Below-Market Loans – It is not uncommon to encounter situations where there are loans between family members, with no interest being charged, or the interest rate is below market rates.
A below-market loan is generally a gift or demand loan where the interest rate is less than the applicable federal rate (AFR). The tax code defines the term "gift loan" as any below-market loan where the forgoing of interest is like a gift, while a "demand loan" is any loan that is payable in full at any time, at the lender's demand. The AFR is established by the Treasury Department and posted monthly.
As an example, the AFR rates for November 2022 were:
Generally, for income tax purposes:
Borrower – Is treated as paying interest at the AFR rate in effect when the loan was made. The interest is deductible for tax purposes if it otherwise qualifies. However, if the loan amount is $100,000 or less, the forgone interest deduction cannot exceed the borrower's net investment income for the year.
Lender – Is treated as gifting the borrower the amount of the interest between the interest paid, if any, and the AFR rate. The interest paid and the forgone interest are treated as investment interest income.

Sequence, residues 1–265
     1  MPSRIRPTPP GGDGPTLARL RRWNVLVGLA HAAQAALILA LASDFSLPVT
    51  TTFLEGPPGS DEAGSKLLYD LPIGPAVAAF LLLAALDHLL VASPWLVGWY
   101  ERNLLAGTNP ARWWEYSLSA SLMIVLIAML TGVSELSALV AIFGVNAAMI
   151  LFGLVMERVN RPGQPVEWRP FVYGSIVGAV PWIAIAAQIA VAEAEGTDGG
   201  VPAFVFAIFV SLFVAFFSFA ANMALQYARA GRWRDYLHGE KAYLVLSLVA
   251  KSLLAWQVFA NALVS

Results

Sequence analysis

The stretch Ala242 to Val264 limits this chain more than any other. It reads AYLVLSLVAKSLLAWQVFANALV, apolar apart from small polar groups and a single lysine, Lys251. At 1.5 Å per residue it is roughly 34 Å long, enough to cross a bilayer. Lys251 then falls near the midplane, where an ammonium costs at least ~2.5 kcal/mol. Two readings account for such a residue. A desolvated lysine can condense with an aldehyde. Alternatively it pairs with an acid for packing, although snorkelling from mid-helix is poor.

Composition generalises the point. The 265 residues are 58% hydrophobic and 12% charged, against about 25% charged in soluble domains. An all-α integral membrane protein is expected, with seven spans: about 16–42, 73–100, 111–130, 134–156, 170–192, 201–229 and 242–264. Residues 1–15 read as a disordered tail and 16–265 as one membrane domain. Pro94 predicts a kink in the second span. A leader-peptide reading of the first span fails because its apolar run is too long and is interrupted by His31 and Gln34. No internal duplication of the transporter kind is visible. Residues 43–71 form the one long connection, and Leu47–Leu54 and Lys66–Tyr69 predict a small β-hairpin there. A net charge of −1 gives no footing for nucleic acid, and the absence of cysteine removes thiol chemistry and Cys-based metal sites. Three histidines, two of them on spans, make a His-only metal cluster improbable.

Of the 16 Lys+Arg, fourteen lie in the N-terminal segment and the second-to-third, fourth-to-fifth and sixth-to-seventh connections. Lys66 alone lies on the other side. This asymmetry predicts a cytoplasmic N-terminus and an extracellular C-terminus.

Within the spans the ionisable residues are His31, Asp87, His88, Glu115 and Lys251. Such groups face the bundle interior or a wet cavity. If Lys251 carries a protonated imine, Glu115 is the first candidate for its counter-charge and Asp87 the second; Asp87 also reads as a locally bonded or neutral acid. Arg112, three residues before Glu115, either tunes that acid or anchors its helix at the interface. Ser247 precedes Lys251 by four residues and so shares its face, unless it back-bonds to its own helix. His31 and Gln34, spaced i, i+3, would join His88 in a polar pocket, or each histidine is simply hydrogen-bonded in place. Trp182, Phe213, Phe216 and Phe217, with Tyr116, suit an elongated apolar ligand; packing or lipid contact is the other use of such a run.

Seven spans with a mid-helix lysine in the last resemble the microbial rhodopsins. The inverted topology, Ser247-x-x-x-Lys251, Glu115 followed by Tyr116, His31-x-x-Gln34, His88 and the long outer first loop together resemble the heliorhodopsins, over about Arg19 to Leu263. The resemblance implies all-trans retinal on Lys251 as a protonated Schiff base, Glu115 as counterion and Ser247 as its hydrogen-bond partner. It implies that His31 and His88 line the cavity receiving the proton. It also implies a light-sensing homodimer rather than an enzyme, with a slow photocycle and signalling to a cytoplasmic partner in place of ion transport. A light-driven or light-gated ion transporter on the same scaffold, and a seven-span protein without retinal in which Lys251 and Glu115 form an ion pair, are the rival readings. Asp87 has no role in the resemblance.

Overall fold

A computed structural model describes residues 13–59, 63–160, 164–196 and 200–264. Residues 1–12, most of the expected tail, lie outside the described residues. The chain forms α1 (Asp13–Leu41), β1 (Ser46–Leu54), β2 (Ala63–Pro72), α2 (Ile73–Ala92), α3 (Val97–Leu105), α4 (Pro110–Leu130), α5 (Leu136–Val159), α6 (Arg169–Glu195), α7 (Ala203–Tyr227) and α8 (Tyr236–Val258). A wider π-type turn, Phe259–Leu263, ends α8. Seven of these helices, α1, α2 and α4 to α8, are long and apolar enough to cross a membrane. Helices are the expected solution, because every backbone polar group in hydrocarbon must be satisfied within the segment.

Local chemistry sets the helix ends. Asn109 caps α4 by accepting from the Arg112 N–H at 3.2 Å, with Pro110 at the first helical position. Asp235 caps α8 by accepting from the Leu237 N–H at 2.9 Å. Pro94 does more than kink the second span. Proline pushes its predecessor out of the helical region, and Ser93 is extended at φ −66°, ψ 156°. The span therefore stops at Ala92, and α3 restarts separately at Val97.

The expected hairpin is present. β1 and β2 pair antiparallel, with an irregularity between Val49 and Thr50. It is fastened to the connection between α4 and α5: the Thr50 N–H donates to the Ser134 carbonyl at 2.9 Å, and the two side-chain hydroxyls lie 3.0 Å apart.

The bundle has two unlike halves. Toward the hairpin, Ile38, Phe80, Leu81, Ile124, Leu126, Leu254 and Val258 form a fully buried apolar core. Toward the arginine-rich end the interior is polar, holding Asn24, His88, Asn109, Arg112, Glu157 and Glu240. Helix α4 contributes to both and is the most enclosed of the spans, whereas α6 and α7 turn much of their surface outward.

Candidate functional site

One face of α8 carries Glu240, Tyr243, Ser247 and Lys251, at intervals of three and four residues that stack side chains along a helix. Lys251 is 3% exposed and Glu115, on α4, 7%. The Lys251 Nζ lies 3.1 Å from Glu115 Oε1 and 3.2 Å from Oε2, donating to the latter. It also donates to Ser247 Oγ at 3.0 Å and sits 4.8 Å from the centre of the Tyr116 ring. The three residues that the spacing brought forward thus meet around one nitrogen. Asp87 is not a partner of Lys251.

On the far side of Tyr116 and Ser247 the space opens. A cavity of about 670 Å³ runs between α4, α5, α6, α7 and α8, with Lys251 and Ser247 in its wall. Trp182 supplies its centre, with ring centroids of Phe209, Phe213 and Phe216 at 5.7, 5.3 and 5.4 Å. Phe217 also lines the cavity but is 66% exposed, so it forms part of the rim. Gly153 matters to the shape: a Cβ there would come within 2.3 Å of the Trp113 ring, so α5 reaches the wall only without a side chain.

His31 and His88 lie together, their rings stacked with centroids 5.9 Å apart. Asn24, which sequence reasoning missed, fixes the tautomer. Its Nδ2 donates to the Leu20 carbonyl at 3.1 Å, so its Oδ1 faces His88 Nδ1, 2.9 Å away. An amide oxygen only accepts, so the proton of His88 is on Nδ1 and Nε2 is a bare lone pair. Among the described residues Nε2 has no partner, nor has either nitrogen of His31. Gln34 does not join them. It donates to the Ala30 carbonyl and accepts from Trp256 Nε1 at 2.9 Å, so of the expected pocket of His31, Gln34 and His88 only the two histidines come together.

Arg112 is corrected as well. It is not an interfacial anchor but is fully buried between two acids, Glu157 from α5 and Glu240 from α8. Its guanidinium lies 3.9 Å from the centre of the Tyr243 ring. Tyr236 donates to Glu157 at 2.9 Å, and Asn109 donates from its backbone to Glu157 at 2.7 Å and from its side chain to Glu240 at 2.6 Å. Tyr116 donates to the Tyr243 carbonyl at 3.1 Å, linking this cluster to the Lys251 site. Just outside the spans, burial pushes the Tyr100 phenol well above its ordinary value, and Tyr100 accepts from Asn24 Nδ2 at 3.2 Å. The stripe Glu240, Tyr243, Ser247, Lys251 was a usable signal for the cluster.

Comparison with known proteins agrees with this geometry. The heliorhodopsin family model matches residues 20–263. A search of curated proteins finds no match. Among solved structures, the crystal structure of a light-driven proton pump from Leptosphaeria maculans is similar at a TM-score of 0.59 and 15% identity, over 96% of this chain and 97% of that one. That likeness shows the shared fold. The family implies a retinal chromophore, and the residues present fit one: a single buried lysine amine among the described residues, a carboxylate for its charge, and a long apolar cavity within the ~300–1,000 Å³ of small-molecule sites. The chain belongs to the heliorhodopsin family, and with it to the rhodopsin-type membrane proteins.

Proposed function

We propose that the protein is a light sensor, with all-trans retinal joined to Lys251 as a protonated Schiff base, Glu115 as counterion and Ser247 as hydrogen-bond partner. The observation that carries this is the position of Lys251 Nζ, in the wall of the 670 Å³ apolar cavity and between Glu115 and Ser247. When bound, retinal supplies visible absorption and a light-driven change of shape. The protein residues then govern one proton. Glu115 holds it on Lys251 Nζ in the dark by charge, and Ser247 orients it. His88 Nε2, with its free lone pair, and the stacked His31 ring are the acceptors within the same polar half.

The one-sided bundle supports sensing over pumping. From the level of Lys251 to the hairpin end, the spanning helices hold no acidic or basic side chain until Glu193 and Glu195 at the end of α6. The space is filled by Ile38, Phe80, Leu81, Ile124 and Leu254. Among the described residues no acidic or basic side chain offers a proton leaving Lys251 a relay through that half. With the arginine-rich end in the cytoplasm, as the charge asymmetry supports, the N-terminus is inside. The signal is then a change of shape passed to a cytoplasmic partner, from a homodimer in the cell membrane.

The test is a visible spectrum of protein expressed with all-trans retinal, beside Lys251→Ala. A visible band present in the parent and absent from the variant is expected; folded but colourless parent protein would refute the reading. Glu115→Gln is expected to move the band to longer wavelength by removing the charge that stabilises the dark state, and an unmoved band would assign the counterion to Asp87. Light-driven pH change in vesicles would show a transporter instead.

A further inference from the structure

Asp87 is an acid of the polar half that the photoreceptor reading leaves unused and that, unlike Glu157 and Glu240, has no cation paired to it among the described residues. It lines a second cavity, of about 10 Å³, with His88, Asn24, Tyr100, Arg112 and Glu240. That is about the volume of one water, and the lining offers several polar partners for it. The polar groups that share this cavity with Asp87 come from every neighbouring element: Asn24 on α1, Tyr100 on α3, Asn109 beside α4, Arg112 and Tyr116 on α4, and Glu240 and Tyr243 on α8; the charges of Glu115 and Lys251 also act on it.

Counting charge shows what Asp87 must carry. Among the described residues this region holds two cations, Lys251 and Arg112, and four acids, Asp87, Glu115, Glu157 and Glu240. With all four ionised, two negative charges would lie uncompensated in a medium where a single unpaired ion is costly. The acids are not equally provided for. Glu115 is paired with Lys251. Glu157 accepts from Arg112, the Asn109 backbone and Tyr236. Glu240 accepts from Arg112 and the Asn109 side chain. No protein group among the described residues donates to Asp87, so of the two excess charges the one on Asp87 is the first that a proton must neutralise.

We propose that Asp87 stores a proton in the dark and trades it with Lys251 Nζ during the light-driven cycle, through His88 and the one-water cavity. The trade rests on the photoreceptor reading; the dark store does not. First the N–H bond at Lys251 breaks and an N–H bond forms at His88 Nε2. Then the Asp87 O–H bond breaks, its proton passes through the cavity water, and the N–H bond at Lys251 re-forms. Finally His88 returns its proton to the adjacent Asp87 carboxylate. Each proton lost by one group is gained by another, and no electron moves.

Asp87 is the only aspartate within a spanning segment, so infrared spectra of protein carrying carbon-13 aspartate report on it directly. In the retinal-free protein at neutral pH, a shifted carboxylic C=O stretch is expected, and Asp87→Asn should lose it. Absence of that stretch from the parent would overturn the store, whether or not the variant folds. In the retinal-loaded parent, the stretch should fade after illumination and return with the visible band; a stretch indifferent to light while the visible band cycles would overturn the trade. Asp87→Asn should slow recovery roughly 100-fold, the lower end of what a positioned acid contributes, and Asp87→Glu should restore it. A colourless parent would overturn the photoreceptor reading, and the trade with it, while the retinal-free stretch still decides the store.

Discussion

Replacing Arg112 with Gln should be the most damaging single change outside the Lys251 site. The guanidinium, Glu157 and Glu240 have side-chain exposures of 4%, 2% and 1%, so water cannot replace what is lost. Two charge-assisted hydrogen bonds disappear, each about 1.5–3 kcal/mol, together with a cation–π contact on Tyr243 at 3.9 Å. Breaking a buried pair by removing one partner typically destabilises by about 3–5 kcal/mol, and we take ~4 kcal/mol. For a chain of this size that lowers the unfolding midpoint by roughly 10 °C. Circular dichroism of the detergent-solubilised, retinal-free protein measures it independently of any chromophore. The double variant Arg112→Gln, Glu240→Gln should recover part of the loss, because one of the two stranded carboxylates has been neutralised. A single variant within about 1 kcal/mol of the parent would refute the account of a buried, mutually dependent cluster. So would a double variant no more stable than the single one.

Exception – The below-market loan rules do not apply to gift loans directly between individuals if the loan amount is $10,000 or less. This exception does not apply to any gift loan directly attributable to purchasing or carrying income-producing property.
Parent Transferring a Home's Title to a Child – When an individual passes away, their assets' fair market value (FMV) is tallied. If the value exceeds the lifetime estate tax exemption ($12,920,000 in 2023), then an estate tax return must be filed, which is rarely the case, given the generous amount of the exclusion. Because the FMV is used in determining the estate's value, that same FMV, rather than the decedent's basis, is assigned to the decedent's property inherited by the beneficiaries. The basis is the value from which gain or loss is measured, and if the date-of-death value is higher than the decedent's basis was, this is often referred to as a step-up in basis.